It's not just gay adoptions that threaten the right of children to be raised in traditional two-parent, mother-father homes. A threat also comes from father-phobic family courts that deprive children of their fathers.
Under no-fault divorce, equality is the rule: Either spouse can terminate a marriage without the other spouse's consent and without any fault committed by the cast-off spouse or even alleged by the spouse initiating the divorce.
When it comes to determining child custody, however, sexism is the rule. By making allegations of fault (true or false, major or petty) against the male, the female can usually get the family court to grant her their children and his money.
Despite an extended string of U.S. Supreme Court decisions upholding the fundamental right of parents to the care, custody and control of their children (reaffirmed in a 2000 case), and despite a very high standard that the government must meet in order to terminate parental legal rights, fathers are routinely denied due process when it comes to determining child custody after divorce.
Family courts use a highly subjective rule called the best interest of the child as recommended by court-appointed child-custody evaluators or psychotherapists. There is no requirement that they have first-hand experience with raising children, and they are allowed to use their own personal prejudices to overrule the parents.
But why aren't parents the ones best able to decide what is in the best interest of the child?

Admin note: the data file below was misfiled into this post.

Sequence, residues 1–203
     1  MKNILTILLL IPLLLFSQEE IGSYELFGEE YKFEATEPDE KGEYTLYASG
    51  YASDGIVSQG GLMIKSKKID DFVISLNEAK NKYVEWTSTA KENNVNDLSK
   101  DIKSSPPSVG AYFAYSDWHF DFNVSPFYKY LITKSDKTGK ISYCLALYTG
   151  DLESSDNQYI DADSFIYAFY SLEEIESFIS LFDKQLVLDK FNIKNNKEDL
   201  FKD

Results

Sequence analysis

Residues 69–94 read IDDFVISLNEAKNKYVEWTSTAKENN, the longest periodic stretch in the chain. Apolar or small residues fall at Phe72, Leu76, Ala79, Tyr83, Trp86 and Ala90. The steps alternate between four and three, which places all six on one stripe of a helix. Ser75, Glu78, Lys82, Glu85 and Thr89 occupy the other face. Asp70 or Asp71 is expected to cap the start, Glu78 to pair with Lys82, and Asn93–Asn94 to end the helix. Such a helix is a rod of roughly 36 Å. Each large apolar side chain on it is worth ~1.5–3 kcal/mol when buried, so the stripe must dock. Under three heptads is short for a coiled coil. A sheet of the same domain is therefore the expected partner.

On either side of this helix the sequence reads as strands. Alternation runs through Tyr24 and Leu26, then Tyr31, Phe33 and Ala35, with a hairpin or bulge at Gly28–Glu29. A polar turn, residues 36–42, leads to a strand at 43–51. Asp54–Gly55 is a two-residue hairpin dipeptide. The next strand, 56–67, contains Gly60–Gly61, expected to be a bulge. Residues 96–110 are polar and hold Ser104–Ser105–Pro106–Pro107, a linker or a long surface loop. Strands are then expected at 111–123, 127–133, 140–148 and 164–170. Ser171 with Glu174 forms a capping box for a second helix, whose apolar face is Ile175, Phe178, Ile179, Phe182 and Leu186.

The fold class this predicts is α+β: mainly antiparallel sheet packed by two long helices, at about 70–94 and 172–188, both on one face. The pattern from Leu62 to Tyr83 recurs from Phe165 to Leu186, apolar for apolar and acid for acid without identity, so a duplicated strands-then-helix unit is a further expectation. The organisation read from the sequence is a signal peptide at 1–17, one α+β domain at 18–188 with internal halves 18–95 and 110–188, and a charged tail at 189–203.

Family courts routinely rubber-stamp child-custody evaluators who recommend maternal custody with fathers getting so-called visitation only every other weekend. This despite the mountain of social science research presented in Warren Farrell's book, "Father and Child Reunion" (Tarcher; $24.95), which proves that the best interest of the child of divorced parents is usually to give the child equally shared parent time.
Two dozen different measures listed in Farrell's book indicate that equally shared custody is better for children than maternal custody alone. Farrell's book explains how most fathers provide benefits that mothers usually don't.
Yet, family courts typically rule as though fathers have no value except their money, and routinely banish fathers (who have not been proven to have committed any misdeed) from the lives of their children, except for every other weekend. Farrell describes how this typical custody pattern is a loser for the child, causing intense feelings of deprivation and depressive behavior.
Phyllis Schlafly is a national leader of the pro-family movement, a nationally syndicated columnist and author of Feminist Fantasies.
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